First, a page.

2008-08-06

Consumerism


I'm a willing victim of consumerism. I admit when I am sad, going shopping is therapy to me, even if at the used book store. When I am happy, let's celebrate, go out and buy something special. Let's go out to eat. I show my affection with consumerism. I buy stuff for my husband to tell him how wonderful he is. I buy my brothers and sisters things and give them money for holidays and birthdays.

I know that on my husband's salary we should be able to live fairly comfortably, but it is never quite enough, we have to have new cars, new furniture, the biggest TV possible, and every game system known to man. We have to go on vacation, and we can't "rough it", we gotta stay in the four or five star hotel. I know many married couples who on paper seem to make enough money, but never seen to make enough money, as they fall into the same trap we do. We never feel we save enough or at all, but we are quick to want to go eat dinner instead of cooking at home, or go shopping for things we don't really need, just things we want.

I know I buy out of boredom at times. Don't look at my itunes purchases, it would make your head swim how much I spend on music. The other day I bought color contacts because I wanted to know what I would look like with green eyes. Per my husband, I look like the Incredible Hulks girlfriend, and I will go blind wearing $20 color contacts from the beauty supply store. The sad thing is typically I am against color contacts, as I feel it reinforces the standard European ideals of beauty, but because I was bored, that was thrown out the window. I know I am not the only one who has clothes in my closet with the tags still attached to them. Nor do I feel I am the only person who has bought something with no real purpose for buying it. Me and Target's little dollar spot have a love/hate relationship.

Why is it we spend so much? In the past months, I have sincerely been trying to cut back, but I feel we haven't been able to. My husband isn't willing to give up his HD cable, his City of Heroes Account, I'm not willing to give up Netflix or my itunes addiction. We both are addicted to the internet. He won't give up his allowance that he uses to buy his "toys"(I don't know why I put "toys" in quotations, the man really does buy G.I. Joes). The only way I have cut back personally is my addiction to being a product junkie and makeup addict. When I do want to celebrate something by staying at home and cooking dinner, my husband wants to instead go out, so I can relax and not have to worry about cooking or the clean up afterwards.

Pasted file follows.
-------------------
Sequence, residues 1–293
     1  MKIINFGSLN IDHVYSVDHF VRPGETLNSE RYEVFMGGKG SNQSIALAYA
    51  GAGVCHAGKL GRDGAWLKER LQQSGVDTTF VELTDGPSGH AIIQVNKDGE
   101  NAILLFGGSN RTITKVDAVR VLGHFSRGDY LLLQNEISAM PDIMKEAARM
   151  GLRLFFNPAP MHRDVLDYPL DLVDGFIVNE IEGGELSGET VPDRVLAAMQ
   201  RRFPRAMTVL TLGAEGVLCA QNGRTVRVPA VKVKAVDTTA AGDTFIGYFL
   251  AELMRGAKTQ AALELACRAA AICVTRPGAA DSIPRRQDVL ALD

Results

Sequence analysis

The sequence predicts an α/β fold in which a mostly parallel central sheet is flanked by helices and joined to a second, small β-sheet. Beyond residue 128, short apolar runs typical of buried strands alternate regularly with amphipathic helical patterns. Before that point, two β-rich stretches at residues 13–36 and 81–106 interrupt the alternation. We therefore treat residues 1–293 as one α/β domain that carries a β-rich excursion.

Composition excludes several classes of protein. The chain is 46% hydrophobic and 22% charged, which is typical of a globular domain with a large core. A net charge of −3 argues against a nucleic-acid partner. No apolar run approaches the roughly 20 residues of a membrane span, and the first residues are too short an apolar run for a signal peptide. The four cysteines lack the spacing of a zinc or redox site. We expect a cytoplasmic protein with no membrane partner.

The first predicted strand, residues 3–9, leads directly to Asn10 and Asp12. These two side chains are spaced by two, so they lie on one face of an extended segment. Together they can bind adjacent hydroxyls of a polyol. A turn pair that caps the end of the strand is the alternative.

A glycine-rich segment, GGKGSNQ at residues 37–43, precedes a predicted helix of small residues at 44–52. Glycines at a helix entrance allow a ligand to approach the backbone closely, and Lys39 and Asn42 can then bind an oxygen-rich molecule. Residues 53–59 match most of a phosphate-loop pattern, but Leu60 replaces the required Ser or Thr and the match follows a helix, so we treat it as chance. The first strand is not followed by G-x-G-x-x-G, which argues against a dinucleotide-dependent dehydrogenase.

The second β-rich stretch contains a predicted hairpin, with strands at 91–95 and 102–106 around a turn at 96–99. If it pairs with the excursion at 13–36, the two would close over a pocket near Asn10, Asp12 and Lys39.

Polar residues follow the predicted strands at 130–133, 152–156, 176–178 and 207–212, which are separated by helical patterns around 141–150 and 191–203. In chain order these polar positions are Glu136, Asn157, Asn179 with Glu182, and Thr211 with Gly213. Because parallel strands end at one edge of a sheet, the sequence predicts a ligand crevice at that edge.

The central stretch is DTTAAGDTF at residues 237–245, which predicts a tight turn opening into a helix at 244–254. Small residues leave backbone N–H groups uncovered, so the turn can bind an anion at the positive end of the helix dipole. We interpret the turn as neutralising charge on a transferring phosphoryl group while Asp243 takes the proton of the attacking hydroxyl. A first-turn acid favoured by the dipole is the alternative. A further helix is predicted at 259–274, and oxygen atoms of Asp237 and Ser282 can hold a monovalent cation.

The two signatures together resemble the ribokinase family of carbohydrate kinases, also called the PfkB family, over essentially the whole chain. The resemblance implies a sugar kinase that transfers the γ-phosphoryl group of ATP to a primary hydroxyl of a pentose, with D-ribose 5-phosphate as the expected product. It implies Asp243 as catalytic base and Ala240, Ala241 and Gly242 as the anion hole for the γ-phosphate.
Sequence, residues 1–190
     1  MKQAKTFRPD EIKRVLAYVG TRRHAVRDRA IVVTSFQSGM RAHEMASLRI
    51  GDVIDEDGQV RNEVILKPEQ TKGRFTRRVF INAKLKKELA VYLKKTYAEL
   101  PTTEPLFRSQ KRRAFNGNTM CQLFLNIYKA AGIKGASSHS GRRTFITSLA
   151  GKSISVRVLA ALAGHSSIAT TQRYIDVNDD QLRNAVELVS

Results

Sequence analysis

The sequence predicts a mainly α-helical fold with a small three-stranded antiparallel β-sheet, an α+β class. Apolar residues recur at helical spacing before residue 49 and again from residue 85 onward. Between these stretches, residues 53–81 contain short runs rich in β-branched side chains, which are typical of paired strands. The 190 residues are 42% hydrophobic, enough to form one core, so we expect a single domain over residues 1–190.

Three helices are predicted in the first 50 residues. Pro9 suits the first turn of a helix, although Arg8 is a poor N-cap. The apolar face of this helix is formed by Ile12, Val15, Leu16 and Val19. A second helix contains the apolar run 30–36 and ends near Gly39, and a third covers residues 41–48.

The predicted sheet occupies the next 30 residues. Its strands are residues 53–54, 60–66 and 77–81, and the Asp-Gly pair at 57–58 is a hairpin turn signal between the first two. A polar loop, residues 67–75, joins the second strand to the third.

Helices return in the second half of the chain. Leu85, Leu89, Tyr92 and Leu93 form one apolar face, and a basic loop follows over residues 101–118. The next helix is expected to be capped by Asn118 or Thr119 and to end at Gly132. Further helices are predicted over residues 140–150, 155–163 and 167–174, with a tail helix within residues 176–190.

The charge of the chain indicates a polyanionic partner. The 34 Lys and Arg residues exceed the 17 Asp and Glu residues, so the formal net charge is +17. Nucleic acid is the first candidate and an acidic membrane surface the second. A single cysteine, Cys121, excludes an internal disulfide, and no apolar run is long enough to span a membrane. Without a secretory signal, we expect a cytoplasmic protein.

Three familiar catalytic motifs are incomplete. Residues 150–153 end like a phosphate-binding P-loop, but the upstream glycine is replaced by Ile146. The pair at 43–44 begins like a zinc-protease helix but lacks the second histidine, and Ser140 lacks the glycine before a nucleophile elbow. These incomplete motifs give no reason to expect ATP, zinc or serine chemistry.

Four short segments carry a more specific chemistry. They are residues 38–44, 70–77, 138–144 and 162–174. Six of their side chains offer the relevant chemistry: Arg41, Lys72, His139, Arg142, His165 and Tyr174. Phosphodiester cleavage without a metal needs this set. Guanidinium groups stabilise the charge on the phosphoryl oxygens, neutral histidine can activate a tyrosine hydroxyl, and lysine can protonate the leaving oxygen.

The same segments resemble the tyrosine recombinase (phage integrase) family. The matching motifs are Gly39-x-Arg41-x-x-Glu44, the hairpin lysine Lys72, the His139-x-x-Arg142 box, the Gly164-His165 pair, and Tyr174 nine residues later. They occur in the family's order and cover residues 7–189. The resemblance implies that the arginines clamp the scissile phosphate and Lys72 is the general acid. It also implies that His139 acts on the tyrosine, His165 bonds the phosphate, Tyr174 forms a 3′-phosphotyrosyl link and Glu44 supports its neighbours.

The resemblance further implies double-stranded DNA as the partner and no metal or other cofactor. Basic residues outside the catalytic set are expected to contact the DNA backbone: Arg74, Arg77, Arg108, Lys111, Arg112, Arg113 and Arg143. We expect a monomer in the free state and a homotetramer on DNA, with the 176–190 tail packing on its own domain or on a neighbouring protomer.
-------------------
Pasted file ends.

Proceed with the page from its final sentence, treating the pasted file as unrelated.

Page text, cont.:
It seems the younger folks have bought more into consumerism than previous generations. It seems kids are more and more obsessed with status and celebrity at younger and younger ages. My 10 year old sister asked me for a Coach purse. She just loved mine, and just had to have one like it. That purse was a "just because I love you" gift from my husband. Again, showing how we equate money spent to love.

Why is it when we celebrate, we have to go out to eat, go to the movies, or go to the mall? When and why did we decide spending money equates to happiness and love? How do we express love, happiness, or celebrations without spending money? I truly don't know. I know people can spend time together, but they have to be on their blackberry's, texting on their cell phones, listening to their ipods, and playing their PSPs. How do we curb it?